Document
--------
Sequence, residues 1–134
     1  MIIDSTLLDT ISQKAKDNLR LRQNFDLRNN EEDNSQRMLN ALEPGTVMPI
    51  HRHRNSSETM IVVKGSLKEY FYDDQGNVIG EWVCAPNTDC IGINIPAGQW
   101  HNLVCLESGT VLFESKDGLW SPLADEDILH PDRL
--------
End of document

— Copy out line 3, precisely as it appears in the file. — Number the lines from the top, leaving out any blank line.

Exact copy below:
    51  HRHRNSSETM IVVKGSLKEY FYDDQGNVIG EWVCAPNTDC IGINIPAGQW